Roman settlement remains found at Kingskerswell bypass

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Media caption,

Pottery was among the finds in Kingskerswell

The remains of what is believed to be a 2,000-year-old Roman settlement have been uncovered at the construction site of a new bypass.

Artefacts discovered in Kingskerswell include fragments of pots thought to be imported from southern Europe. Trenches used for defence were also found.

Devon county archaeologist Bill Horner said it was an "exciting find".

The artefacts will eventually go on show at Exeter's Royal Albert Memorial Museum.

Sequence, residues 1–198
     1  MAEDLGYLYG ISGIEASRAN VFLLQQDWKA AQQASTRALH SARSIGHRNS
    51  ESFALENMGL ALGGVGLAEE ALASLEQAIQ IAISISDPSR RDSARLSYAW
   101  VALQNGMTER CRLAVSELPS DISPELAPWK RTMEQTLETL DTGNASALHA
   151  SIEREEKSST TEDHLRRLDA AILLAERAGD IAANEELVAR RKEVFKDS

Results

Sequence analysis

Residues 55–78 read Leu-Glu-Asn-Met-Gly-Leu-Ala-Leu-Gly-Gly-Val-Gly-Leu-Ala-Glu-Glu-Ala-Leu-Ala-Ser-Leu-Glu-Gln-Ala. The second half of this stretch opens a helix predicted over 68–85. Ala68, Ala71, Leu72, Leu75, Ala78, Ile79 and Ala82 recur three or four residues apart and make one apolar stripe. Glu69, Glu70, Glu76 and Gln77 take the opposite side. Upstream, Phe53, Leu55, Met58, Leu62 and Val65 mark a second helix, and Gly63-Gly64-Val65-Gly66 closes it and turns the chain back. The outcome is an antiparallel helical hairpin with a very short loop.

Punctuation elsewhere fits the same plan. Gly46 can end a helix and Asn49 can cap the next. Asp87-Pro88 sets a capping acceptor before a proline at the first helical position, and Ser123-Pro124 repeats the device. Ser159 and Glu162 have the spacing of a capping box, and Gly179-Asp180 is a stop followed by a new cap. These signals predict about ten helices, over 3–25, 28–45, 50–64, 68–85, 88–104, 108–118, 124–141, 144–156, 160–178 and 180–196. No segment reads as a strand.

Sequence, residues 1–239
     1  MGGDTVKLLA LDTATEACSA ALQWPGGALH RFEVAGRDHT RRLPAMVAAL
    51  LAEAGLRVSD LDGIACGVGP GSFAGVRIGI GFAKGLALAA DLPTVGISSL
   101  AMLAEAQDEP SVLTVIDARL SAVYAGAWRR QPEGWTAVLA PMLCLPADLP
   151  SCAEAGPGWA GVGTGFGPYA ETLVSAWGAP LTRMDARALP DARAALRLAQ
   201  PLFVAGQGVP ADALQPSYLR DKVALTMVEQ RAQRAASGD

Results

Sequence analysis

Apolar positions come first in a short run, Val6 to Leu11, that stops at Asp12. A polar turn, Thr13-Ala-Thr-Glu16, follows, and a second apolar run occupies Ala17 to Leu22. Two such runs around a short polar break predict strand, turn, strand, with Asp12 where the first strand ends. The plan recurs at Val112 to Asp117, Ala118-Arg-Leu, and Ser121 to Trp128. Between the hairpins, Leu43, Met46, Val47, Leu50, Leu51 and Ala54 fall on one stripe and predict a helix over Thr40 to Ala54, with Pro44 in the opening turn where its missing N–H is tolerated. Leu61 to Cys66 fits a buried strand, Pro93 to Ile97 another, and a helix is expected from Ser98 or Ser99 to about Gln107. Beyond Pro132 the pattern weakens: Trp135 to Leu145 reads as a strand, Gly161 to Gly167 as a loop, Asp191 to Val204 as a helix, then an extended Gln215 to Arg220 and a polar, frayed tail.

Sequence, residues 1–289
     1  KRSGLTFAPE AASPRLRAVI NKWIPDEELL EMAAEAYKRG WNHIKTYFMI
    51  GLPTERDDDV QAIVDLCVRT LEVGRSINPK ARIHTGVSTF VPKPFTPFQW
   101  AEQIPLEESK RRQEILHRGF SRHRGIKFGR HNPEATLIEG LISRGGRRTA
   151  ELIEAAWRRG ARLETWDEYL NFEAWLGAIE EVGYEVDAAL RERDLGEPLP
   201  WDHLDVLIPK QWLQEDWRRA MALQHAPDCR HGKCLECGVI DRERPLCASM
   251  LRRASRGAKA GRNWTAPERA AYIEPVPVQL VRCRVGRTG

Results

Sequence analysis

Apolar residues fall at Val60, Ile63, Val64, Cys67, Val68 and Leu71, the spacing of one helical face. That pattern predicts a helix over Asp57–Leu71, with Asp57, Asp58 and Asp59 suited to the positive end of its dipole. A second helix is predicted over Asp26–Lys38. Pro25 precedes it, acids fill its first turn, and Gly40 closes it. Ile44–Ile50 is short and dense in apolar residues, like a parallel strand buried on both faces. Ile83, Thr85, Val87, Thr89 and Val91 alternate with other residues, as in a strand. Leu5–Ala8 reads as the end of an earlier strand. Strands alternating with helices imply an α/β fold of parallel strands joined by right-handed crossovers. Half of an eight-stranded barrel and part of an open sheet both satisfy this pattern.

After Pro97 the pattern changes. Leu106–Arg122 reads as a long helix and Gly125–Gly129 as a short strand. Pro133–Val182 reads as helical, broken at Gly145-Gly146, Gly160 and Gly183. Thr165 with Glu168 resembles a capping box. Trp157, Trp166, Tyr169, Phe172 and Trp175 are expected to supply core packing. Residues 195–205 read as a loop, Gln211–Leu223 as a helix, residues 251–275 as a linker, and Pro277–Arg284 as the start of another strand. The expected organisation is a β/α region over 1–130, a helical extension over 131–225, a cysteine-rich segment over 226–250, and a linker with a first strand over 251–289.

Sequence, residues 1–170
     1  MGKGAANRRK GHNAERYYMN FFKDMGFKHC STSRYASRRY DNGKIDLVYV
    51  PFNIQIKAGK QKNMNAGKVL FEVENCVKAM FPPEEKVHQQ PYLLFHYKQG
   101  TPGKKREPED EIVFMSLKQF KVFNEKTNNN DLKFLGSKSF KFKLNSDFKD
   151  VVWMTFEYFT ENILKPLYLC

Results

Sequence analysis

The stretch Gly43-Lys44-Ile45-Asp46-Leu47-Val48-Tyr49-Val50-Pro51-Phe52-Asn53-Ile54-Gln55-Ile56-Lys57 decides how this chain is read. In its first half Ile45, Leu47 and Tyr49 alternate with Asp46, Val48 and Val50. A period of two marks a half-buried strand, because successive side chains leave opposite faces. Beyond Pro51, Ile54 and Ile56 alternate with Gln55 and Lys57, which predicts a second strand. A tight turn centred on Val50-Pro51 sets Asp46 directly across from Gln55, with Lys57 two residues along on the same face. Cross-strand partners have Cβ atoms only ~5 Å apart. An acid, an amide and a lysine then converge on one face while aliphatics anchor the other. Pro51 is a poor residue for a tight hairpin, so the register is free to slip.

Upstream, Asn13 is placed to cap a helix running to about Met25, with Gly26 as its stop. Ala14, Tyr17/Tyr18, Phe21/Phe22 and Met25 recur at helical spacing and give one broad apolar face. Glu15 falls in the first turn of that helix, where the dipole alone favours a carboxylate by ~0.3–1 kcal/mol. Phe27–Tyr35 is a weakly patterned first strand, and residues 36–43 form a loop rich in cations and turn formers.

Locals 'Romanised'

Demolition work began in October to clear the route ready for the road linking Torbay and Newton Abbot.

The quantity and the quality of the finds suggested the people who lived there would have been part of the local ruling elite who were becoming "Romanised", Mr Horner said.

Image caption,
Remains of medieval buildings were also found

He said: "The Romans conquered the South West and, for much of the later 1st Century AD, the area was a military zone.

"After the army moved north to conquer the rest of the population, the native elite were becoming more Romanised, and assimilating into the Roman Empire and economy."

As well as the Roman finds, archaeologists also turned up evidence of 800-year-old medieval buildings.

The discoveries are not expected to delay the construction of the £110m, 5.5km (3.4 mile) bypass, construction managers said.

Devon County Council hopes the road will be completed by December 2015.

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